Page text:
Bitcoin mining is one of the most popular and important ways to obtain this cryptocurrency. Someone might ask: what exactly is Bitcoin mining? Mining is nothing more than creating new Bitcoin blocks and adding them to the blockchain network. Miners extracting Bitcoin use especially dedicated computers with high computing power, which by performing very complicated mathematical algorithms form a single block. In addition, miners based on increasingly computing power, compete with each other in the speed of block mining – that’s why mining Bitcoin is so difficult.
According to the above paragraph, Bitcoin mining involves creating and adding a single block to the blockchain. Let’s focus on how a block is created and added to the network. Since the creation of a Bitcoin block relies mainly on the computational power of the computer and the mining difficulty increased, specially created devices for this purpose arose – the most popular of them is AntMiner S9 (from latest data in the world there are about 2 million of such devices).
Thanks to ever newer devices and growing demand for Bitcoin mining, its difficulty is systematically growing. This is due to the specially created function in the Bitcoin source code. This feature increases the mining difficulty systematically every 14 days and the average time for mining single Bitcoin is steady 10 minutes. Yes, you heard it right – 10 minutes. So what makes Bitcoin mining so difficult?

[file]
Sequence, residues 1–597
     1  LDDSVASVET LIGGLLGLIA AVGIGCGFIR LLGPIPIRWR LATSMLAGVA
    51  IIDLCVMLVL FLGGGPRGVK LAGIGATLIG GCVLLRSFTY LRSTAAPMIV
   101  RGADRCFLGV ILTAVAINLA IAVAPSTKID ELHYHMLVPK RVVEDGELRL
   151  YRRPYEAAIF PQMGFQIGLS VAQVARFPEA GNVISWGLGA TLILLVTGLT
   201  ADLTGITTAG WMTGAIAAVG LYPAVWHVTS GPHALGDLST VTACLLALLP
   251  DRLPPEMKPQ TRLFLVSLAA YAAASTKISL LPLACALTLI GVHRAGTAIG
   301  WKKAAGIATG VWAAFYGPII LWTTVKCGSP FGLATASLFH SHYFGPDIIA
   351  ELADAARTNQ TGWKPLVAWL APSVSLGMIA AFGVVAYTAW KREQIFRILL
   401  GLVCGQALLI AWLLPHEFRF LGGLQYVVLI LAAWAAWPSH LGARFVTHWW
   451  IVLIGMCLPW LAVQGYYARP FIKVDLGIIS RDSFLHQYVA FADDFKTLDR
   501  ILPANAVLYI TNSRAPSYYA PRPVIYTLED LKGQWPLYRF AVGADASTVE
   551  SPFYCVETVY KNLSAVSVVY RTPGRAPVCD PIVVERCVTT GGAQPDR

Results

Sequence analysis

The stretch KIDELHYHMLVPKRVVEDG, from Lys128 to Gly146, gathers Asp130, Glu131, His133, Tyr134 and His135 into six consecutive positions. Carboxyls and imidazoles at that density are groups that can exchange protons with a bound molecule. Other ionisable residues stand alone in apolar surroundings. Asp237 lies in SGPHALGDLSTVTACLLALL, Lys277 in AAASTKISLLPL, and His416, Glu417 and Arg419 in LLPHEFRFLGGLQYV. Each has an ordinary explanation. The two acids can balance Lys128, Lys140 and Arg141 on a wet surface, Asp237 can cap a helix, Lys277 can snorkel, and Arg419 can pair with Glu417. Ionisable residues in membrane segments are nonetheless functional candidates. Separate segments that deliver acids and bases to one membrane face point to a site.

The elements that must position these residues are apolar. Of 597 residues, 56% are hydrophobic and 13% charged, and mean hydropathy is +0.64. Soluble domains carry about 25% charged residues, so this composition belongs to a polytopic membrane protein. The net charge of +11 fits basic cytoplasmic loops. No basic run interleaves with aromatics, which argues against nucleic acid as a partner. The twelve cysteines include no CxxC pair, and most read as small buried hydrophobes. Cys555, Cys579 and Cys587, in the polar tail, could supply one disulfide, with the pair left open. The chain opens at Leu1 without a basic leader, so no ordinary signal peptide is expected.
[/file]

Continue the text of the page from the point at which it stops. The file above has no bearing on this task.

Due to its increasing algorithmic complexity and current mining difficulty of 9.99 T, mining 1 BTC by a single device is close to impossible. That’s why miners from around the world combine their computing power into pools, which reduces the mining time of single block to 10 minutes by making millions of calculations per second.
The mining pool is a “resource” in which miners share their computing power and divide the reward with each other in proportion to the work they put into creating a single block. Below we will present the most popular mining pools in the world.
Uzbekistan to Create National Mining Pool, Launch Licensed Exchange https://t.co/GVdR4l7rTx pic.twitter.com/btl65N2DLd
— Bitcoin News (@BTCTN) January 16, 2020
AntPool, as the most popular mining pool in the world, was created by Bitmain Technologies Ltd. founded in 2013. AntPool is open to users from around the world, as well as rewards for mine a Bitcoin, are paid automatically every 24 hours.
F2Pool is a Chinese mining pool created on 5th May 2013. It’s also referred by users as “Discus Fish”, whose history is related to times when F2Pool did not have an English interface.